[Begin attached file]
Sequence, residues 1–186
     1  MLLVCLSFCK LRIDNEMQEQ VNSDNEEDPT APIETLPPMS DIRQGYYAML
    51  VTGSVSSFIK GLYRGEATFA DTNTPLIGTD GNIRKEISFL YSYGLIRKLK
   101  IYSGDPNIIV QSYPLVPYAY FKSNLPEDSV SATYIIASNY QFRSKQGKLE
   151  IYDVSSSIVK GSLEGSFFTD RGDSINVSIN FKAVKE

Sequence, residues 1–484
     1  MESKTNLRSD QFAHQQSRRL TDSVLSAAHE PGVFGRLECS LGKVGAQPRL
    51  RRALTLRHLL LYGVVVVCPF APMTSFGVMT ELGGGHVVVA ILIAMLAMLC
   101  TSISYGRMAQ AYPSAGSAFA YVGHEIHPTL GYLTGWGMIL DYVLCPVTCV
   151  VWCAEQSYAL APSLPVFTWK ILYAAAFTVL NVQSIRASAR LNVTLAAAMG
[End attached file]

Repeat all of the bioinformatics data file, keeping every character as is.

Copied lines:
Sequence, residues 1–186
     1  MLLVCLSFCK LRIDNEMQEQ VNSDNEEDPT APIETLPPMS DIRQGYYAML
    51  VTGSVSSFIK GLYRGEATFA DTNTPLIGTD GNIRKEISFL YSYGLIRKLK
   101  IYSGDPNIIV QSYPLVPYAY FKSNLPEDSV SATYIIASNY QFRSKQGKLE
   151  IYDVSSSIVK GSLEGSFFTD RGDSINVSIN FKAVKE

Sequence, residues 1–484
     1  MESKTNLRSD QFAHQQSRRL TDSVLSAAHE PGVFGRLECS LGKVGAQPRL
    51  RRALTLRHLL LYGVVVVCPF APMTSFGVMT ELGGGHVVVA ILIAMLAMLC
   101  TSISYGRMAQ AYPSAGSAFA YVGHEIHPTL GYLTGWGMIL DYVLCPVTCV
   151  VWCAEQSYAL APSLPVFTWK ILYAAAFTVL NVQSIRASAR LNVTLAAAMG